Urban Animals Work Hard to Adapt and We Must Be Kind to Them
Research shows 93% of behaviors are different from those of non-urban animals.
Posted Nov 24, 2020
"Our results clearly demonstrate that mammals are responding to the urban environment by changing their behavior. Much less clear is what these changes mean in terms of urban mammalian diversity, survivability, management, and conservation." —Kate Ritzel and Travis Gallo
“That the universe is a communion of subjects rather than a collection of objects is the central commitment of the Ecozoic. Existence itself is derived from and sustained by this intimacy of each being with every other being of the universe.” —Thomas Berry: Reflecting on Emotions, Heart and Conservation
Street-smart animals show fascinating adaptions for living in human environs
I've long been interested in how nonhuman animals (animals) who wind up in human environs change their behavior when compared with wild members of the same species (conspecifics). It's also known that their skulls change when they become urbanized. A recent video about urban raccoons called "Are we making raccoons smarter?" supports some of what I write here about how animals adapt to our presence.
An increasing number and diversity of animals "are coming home" during a period called "the Anthropause," and our new neighbors are likely to be around for a long time. I just learned of a very interesting new study by Kate Ritzel and Travis Gallo called Behavior Change in Urban Mammals: A Systematic Review in which these researchers documented significant changes in the behavior of different mammals living in urban environs. The essay is available for free online and their data are useful for learning how these animals adapt to our presence and can be used to work for coexistence with these fascinating beings who have been displaced by our insatiable drive to trespass into any available space, including their rightful homes. They aren't mere transients or renters and should be granted the legal right to own their homes.
The term "Anthropause" was coined in an essay by Dr. Christian Rutz and his colleagues called "COVID-19 lockdown allows researchers to quantify the effects of human activity on wildlife." This seminal piece is available for free online and is well worth reading. New Scientist writer Graham Lawton writes, "I like the term anthropause. It captures the current hiatus in human domination of the planet, but also reminds us that the worst aspects of the Anthropocene could simply come roaring back. ... The pandemic presents a unique opportunity to put it on a more secure scientific footing."
Here are a few snippets from Behavior Change in Urban Mammals: A Systematic Review.1 The researchers analyzed 83 papers published between 1987 and March 2020. From the 65 essays they used to learn if and how mammalian omnivores (who enjoy a wide-ranging diet) and carnivores (who are primarily meat-eaters) changed their behavior, they compiled 166 observations of 44 distinct behaviors and discovered "155 occurrences of behavior change relative to conspecifics [members of the same species] in non-urban areas."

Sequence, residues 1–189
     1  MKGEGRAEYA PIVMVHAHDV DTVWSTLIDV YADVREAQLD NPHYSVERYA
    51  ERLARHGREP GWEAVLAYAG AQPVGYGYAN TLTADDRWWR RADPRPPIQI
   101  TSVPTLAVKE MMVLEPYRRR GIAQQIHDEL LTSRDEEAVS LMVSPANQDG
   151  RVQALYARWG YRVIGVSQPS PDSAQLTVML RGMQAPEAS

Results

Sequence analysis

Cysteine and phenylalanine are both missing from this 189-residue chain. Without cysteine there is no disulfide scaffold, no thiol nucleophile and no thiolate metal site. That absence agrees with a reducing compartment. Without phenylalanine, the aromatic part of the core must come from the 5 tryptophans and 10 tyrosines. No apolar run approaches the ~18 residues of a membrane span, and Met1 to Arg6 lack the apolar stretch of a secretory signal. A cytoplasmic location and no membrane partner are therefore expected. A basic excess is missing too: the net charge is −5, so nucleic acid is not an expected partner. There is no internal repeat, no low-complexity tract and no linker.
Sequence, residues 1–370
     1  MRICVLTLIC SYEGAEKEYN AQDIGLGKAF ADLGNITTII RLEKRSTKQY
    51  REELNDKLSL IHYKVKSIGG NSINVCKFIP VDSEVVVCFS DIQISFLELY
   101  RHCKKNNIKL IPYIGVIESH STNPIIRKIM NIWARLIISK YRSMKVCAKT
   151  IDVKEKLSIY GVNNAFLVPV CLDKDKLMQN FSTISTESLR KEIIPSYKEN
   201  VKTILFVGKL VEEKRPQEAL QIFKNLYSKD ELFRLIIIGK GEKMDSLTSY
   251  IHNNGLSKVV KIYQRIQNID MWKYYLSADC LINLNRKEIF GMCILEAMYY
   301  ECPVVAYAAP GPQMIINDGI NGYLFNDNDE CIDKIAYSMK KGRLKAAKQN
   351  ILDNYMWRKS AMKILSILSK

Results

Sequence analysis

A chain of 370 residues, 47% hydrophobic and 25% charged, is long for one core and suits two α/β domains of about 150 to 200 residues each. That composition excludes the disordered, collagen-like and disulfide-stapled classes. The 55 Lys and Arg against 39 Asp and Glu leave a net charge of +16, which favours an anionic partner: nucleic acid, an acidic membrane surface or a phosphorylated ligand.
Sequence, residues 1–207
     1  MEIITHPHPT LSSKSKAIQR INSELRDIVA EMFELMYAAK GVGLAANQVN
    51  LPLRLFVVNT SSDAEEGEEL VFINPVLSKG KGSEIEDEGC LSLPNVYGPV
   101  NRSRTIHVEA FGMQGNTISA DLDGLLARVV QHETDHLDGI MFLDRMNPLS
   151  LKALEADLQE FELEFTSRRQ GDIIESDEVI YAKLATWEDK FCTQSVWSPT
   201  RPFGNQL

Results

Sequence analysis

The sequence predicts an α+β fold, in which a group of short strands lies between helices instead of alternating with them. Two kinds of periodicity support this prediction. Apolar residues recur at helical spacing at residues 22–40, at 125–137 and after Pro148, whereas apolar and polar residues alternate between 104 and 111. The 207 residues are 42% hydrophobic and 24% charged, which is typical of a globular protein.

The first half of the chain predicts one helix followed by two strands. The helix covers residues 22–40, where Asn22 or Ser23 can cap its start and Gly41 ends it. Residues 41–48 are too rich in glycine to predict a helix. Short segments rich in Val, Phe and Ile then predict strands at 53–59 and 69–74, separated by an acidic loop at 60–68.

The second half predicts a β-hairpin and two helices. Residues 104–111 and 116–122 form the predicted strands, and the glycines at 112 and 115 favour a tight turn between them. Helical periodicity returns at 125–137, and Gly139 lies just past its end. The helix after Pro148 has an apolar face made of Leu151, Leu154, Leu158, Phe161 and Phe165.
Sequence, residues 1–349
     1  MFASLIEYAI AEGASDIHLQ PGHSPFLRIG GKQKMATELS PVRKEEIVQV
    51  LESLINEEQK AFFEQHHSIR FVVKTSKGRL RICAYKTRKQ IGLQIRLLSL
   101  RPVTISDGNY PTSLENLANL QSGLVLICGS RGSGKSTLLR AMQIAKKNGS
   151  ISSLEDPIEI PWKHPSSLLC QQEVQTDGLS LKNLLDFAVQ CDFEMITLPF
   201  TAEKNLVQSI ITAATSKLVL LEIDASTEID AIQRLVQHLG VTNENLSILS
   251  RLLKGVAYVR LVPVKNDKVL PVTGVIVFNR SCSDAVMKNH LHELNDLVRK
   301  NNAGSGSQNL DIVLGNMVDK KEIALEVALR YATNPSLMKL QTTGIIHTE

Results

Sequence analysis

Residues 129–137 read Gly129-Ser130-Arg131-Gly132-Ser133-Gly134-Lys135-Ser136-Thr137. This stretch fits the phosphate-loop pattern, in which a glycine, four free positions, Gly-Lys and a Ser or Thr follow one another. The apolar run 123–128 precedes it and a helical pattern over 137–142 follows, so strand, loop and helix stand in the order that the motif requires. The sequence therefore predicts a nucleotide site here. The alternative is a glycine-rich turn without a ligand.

In general, urban animals compared to non-urban relatives were more alert and cautious. There also were other differences (see table on the left and note 2). They write, "Results indicate urban environments drive adaptive responses in behavior including changes in home range and diet preference, shifts in activity budget and vigilance, decreased flight initiation distance, and increased nocturnal activity."2
We currently are a force of nature and will be a larger factor in years to come
It's estimated by 2050, 68% of the world's 9.7 billion people will be residing in urban areas. We clearly are a force in nature and there is no reason to believe that a wide variety of nonhumans of different species won't try to come home when they can and our presence will greatly influence how they adapt to our presence. Conservation shouldn't be all about us, and we need to stop trying to manage and dominate nonhumans who wind up in our homes. Many are there because of us and it's a double-cross to harm and kill them because of what we did to their homes to make them uninhabitable.
We need to make every effort to coexist with the animals who visit our homes, and build corridors of compassion and coexistence so that we all can live in harmony. We need to make sure that urban environments are friendly to animals and animals must be incorporated into urban planning When we do we can learn so much about who "they" are and who we are. We are so fortunate that these animal beings allow us to learn about their lives and to live in their homes. Perhaps one day they will be recognized as property owners. When nonhumans are granted the right to own their homes, rather than merely renting them from us on our terms and whims, it will be a gamechanger for fostering coexistence in which they and we are partners, rather than adversaries.